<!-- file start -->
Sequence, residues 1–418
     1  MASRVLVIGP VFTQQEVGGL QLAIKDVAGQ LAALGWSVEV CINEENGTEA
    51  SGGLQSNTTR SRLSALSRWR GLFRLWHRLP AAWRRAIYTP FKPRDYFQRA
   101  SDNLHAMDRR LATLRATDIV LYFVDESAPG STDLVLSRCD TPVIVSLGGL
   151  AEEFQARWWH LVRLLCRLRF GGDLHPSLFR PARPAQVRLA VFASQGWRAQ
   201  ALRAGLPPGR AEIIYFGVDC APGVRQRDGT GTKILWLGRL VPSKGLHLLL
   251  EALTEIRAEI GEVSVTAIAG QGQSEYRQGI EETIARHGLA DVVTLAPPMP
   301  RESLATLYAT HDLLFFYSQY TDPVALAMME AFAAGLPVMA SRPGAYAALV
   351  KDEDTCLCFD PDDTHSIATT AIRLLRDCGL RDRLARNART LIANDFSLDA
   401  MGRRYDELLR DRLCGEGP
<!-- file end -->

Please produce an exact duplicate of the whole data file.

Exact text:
Sequence, residues 1–418
     1  MASRVLVIGP VFTQQEVGGL QLAIKDVAGQ LAALGWSVEV CINEENGTEA
    51  SGGLQSNTTR SRLSALSRWR GLFRLWHRLP AAWRRAIYTP FKPRDYFQRA
   101  SDNLHAMDRR LATLRATDIV LYFVDESAPG STDLVLSRCD TPVIVSLGGL
   151  AEEFQARWWH LVRLLCRLRF GGDLHPSLFR PARPAQVRLA VFASQGWRAQ
   201  ALRAGLPPGR AEIIYFGVDC APGVRQRDGT GTKILWLGRL VPSKGLHLLL
   251  EALTEIRAEI GEVSVTAIAG QGQSEYRQGI EETIARHGLA DVVTLAPPMP
   301  RESLATLYAT HDLLFFYSQY TDPVALAMME AFAAGLPVMA SRPGAYAALV
   351  KDEDTCLCFD PDDTHSIATT AIRLLRDCGL RDRLARNART LIANDFSLDA
   401  MGRRYDELLR DRLCGEGP